The Black Egg

The Black Egg is a 3.5 Dungeons and Dragons adventure written by Steven Montano for Issue #106 of Dungeon Magazine. Intended for 12th level characters, this adventure begins with a meteor falling from the sky which completely obliterates a small town. Investigation sets the characters on a collision course with a mad wizard, a cult of half-dragons, and a powerful artifact that can summon and army of fiendish dragons to conquer the nation–perhaps the world! With some cool side characters including a group of mercenaries also intent on investigating the crater; some great twists and turns, and a ton of unique half-dragon enemies, this adventure’s sure to be a blast. To make it even better, make sure the town destroyed is a place your characters have been before (preferably more than once!) or a place they needed to visit. And what’s in the depths of the crater? I won’t give away much more, but I will say it’s called the Fane of Scales, and within is the mysterious Black Egg. An egg that’s nearly ready to hatch…

The Dragon’s Demand

The Dragon’s Demand a Pathfinder Adventure for 1st level characters.

The Dragon’s Demand is a Pathfinder module written by Mike Shel. Intended for 1st level characters and meant to bring them all the way to 6th, or possibly 7th level, this is a mega-adventure! It sets the player’s characters up to be heroes of the small town of Belhaim, only to have their efforts interrupt the plans of a fierce green dragon. The dragon eventually makes his displeasure known by attacking the town and demanding a massive amount of gold and treasure as tribute. Unable to pay, the characters are given one final job by the citizens: kill the dragon! But killing a dragon is no easy feat–especially not for low-level characters! They’ll need to prepare themselves, use their wits, and pray for some luck before taking on this bad-boy! With cool side locations including a deceased wizard’s home and secret laboratory, the tomb of a dragon-slayer, and a dragon’s lair (of course!), The Dragon’s Demand does an awesome job of showcasing what a dragon should do (or at least a classic villainous D&D dragon!): make plans, amass treasure, scare the heck out of everyone, subjugate entire tribes and towns, and kill whoever fails to obey! It makes dragons feel dangerous and powerful, something that’s often missing when dragons are used in adventures. With theatrics and a great use of build-up and suspense, this dragon feels like a challenge too tough to handle. It’s sure to get your player’s quaking in their boots! I highly recommend this module to anyone who wants to enjoy a great dragon adventure at lower levels.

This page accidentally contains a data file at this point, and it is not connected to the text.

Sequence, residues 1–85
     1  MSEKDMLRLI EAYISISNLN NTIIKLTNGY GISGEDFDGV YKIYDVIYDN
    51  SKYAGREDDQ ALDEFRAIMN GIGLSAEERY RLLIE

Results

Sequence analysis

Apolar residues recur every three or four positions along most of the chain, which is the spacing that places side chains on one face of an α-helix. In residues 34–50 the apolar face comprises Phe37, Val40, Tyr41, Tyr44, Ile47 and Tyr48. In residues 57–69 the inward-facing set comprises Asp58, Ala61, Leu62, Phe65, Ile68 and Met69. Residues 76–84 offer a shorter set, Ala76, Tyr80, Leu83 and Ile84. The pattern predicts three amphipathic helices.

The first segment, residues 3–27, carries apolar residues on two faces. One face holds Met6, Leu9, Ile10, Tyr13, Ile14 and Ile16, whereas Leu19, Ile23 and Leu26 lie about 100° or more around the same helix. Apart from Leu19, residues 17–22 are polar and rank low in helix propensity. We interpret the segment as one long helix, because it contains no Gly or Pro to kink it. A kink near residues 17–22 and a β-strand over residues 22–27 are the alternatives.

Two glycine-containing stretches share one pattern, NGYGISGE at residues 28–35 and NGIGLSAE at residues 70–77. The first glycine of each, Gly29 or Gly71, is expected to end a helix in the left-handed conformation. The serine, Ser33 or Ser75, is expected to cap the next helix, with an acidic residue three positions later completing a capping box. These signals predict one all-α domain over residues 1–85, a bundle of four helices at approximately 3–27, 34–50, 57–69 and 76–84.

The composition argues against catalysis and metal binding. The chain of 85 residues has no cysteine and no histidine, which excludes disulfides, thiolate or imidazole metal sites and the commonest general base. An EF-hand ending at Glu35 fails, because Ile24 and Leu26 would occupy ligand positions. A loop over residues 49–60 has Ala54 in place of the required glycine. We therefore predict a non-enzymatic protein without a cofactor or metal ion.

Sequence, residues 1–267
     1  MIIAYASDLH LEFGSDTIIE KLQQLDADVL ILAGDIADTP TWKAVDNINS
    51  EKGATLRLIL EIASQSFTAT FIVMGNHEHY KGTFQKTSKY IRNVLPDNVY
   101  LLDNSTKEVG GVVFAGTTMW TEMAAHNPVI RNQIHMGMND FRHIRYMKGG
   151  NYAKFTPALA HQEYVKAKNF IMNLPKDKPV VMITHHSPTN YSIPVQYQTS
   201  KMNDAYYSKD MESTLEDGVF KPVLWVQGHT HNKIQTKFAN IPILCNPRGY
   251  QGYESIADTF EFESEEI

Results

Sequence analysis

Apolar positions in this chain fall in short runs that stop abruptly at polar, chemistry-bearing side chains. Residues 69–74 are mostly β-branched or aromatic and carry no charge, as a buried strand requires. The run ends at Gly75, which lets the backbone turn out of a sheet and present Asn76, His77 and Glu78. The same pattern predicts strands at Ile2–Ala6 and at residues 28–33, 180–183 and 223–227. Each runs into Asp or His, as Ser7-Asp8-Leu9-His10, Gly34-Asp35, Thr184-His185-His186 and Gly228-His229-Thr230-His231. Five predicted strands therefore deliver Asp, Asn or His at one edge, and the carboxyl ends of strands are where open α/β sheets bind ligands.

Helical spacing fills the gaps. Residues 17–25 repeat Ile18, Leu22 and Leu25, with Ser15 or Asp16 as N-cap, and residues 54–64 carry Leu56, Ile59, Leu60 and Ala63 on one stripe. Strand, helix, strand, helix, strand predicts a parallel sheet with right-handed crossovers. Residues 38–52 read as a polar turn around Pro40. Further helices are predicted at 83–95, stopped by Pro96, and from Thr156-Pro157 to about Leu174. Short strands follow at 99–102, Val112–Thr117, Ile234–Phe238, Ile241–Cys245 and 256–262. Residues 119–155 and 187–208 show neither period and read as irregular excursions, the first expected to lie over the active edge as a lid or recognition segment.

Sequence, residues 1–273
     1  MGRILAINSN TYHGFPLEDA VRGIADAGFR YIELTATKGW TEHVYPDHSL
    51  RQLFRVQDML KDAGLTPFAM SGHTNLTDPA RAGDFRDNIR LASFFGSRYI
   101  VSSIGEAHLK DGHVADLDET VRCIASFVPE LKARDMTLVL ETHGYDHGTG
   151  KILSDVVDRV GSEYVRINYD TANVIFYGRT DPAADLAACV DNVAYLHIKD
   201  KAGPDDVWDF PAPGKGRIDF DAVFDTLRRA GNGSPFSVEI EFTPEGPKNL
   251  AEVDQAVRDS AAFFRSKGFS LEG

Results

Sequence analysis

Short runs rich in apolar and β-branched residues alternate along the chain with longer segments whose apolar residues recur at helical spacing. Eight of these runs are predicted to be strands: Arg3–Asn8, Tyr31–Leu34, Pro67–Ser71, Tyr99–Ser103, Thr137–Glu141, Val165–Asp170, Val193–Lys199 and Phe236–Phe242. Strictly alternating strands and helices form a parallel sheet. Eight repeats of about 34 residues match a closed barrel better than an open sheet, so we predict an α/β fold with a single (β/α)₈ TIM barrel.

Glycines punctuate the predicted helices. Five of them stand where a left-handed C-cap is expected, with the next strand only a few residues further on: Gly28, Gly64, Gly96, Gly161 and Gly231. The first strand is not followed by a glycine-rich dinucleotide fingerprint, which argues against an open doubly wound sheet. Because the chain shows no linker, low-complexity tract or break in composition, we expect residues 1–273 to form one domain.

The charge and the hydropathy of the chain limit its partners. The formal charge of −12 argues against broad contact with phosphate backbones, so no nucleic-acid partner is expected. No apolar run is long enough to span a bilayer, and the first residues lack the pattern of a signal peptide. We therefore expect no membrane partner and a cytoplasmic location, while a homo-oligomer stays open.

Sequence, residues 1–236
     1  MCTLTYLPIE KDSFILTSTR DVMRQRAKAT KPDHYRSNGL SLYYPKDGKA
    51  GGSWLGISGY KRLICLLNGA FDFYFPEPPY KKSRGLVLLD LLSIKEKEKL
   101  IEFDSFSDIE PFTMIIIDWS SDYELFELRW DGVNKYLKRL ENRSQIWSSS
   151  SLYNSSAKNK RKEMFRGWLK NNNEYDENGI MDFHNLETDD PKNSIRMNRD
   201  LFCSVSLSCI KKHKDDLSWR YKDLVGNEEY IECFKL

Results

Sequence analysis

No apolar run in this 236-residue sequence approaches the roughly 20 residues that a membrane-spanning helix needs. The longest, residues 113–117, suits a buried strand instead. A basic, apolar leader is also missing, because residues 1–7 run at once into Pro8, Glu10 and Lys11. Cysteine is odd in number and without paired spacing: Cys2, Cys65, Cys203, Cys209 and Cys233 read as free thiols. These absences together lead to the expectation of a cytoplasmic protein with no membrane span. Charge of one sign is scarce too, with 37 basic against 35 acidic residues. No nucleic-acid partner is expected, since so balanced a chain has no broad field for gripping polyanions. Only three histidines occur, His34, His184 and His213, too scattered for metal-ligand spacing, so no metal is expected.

Into the Wormcrawl Fissure

One of the highest level adventures on this list, Into the Wormclaw Fissure is intended for 19th level characters. Seriously! It’s the second last instalment of the Age of Worms adventure path put out by Paizo publishing back in 2006. Like The Dragon’s Demand, this adventure makes awesome use of foreshadowing, build-up and suspense to make the biggest, baddest, coolest dragon possible–Dragotha, an incredibly powerful dracolich. By this point in the campaign, the player’s have known their characters are going to have to oppose Dragotha in order to stop the Age of Worms for quite a while. They’ve curried assistance, cashed in on favours and done all they could to learn about her–which paid off. The previous adventure is spent hunting down and destroying her phylactery in the Citadel of Weeping Dragons (an awesome dragon adventure in itself!). With that taken care of, the characters can finally enter the Tabernacle of Worms to confront this terrifying undead dragon, and put an end to her for good. …If they can! This wicked foe is protected by huge undead chimeras, an awesome derro psycho mounted on a fierce wyvern, gargantuan worm beasts, and an entire cult to do her bidding. And if they do manage to defeat this terrifying CR 27 beast, her treasure trove is astounding! This adventure is awesome! If you ever get a chance to play the Age of Worms adventure path, I highly recommend you take it!

The Frozen Stars

Note: If you’re playing in my Reign of Winter Campaign, do NOT read this next entry!

The Frozen StarsPart 4 of the Reign of Winter Adventure Path.